One Only Dies Once

/, Literature, Blesok no. 05/One Only Dies Once

One Only Dies Once

Death seemed like some kind of an optical instrument, which was turning even the water-drop into a complex bee-hive of life

Terry Pratchett

One morning, I woke up dead. This may sound weird, but I don’t wake up in the morning at least twenty-five days in the month anyway. When I woke up, I didn’t know I was dead, but then Death came and convinced me. It is the truth indeed that the people are suspicious about so sensitive matters such as their lives, but when you’re dead, you are in a position to look at the world a bit wider and more objectively. Besides, Death has a lot of experience, and the logic was on Her side as well. With a lot of patience, maybe not that familiar to Her, She made me come to the conclusion that I’m dead myself.
Everything around me was clean, but with some gloomy-gray illumination. In the local spiritual space we were alone, Death and I – and, considering the circumstances, everything was in order. I wasn’t clear about two things only: first – why am I dead, and second – why is there are mayo and ketchup on my face, draining downwards. Death helped me, explaining me that I have a temporary amnesia about the last moments of my – now past – life, and the ketchup comes as a consequence of my adaptation into the posthumous life. Nothing unordinary, She said.
Later I remembered how I died and things became clear to me. I went out to buy me a hamburger and on my way back I was run over by a truck. I didn’t even made to see the truck, but I think that the driver was quite fat and that he wore a Ray Ban glasses. In one brief moment, a close-up of him was in my site.
To me, it was normal appearance of Death to be in a black robe with the scythe in Her right hand, but later I found out that this form of appearance in front of Her clientele doesn’t make Death happy at all. She’s compelled to such a masquerade (as She complained in front of some dead), because of the regulations up here being so strict. Traditionally, that’s Her solemn uniform, and the folklore must be respected always and everywhere. Also, it isn’t in anybody’s interest to confuse the newcomers with Death appearing as the Minotaur in bikini, with a straw hat and wooden slippers at their first contact with Her. Up here, there are rumours that She had issued many complaints about this matter, and that they were consistently denied.
Anyway, after we briefly get acquainted, I filled my identification forms. Well, it’s clear that I wrote on nothing here – because here, there isn’t a question about any material dimensions; but, this lines I write are for the living, and the simplest way for them to understand, is presenting mattes through the analogies.
Death just threw a glance over the forms and placed them into Her briefcase. It puzzled me when She put out new ones. I was getting the impression that the bureaucratic matters among the dead ain’t simpler than ones down on Earth. Fortunately, I didn’t have to wait in lines, because the dead has that interesting ability to be on several places at the same time. This is a little more difficult to explain, but while I was engaged with Death, at the same time I was haunted by a lot advertising agencies which has already started to bid my soul with many exotic paradise arrangements in very available prices. I wondered what the way of payment may be. When I asked, they told me I must finish with Death first. So I concentrated on Her again.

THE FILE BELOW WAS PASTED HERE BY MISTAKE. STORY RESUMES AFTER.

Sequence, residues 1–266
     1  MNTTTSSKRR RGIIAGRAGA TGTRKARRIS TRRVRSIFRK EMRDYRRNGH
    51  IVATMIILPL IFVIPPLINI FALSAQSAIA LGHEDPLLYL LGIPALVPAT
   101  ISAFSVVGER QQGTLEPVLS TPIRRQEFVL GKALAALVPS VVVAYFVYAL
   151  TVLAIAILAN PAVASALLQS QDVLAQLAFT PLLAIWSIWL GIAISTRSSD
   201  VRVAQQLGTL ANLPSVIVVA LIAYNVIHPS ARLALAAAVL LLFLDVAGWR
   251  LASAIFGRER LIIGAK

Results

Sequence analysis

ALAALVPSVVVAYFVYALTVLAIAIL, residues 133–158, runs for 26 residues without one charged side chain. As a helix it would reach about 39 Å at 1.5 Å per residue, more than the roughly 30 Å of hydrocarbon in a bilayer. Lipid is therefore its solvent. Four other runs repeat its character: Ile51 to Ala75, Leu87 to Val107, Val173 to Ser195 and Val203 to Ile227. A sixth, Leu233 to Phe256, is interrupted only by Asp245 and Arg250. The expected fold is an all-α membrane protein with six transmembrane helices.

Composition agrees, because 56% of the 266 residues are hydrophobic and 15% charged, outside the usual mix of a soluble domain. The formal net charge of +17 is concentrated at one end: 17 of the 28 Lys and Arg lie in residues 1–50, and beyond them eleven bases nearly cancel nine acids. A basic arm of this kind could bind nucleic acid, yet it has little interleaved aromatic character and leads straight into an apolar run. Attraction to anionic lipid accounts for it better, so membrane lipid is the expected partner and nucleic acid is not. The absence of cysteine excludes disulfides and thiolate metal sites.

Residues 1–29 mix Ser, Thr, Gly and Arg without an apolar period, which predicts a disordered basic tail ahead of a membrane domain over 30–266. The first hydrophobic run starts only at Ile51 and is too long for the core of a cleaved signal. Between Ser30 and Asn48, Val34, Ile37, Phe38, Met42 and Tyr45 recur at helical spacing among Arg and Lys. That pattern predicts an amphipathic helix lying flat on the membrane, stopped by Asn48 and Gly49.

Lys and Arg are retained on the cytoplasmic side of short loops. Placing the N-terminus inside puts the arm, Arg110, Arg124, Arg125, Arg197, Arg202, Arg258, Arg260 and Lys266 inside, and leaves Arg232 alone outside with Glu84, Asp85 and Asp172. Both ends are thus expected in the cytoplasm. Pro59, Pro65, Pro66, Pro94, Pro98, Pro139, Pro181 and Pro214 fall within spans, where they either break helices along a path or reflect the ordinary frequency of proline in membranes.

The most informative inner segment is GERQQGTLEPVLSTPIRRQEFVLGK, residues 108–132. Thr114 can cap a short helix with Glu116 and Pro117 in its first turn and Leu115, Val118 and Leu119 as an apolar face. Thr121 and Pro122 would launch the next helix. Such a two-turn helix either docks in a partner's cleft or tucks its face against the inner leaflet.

– RIGHT! – She said when she gave me that new forms from her briefcase.
– And what are they? – I was little confused when I looked at them. The pages were fulfilled with the world’s most famous, the ugliest and the most grotesque freaks, mythic monsters, and with the characters of the classics horror movies. With every single picture there were questions about my personal view about them, like who are my favorites, and whether I would like to meet some of them, and which one of them as well, if they eventually do exist. There lacked – maybe – only the invitation for tea with someone like the Jack the Ripper’s mother to discuss his childhood with her.
The form, unlikely the previous one, was edited with much quality and richly decorated, with a lot of blood and insufficiently dried sculls with a dubious origin everywhere. Death seemed a little ashamed with my response.
– Ooh! – I said with a soul-expression like I understand Her entirely in Her efforts.
She was eager to see how I was going to answer, but every time when I stopped a bit to think over some question, She would advise me not to rush with my answers.
– WELL, WE’VE DONE THAT, TOO! – said Death in the manner of a businessman after She put the questionnaires, not missing the chance to look at them first.
– Why carefully? – at the same moment I became careful.
– IT IS A MATTER OF YOUR DESTINY. – said Death with no particular thrill about it. For Her, the procedure was standard and ordinary.
– I’M ALL EARS. – I said and at the same moment I turned into a big ear, which must’ve looked very funny, and because I thought so, a very loud laughter appeared around, in spite the fact hat we were alone. Something like in the TV-comedy shows. Death didn’t laugh, nor did I – considering that I didn’t have a mouth. With a great effort of will I succeeded to revert into my original form.

AuthorGoran M. Petrov
2018-08-21T17:24:02+00:00 October 1st, 1998|Categories: Prose, Literature, Blesok no. 05|0 Comments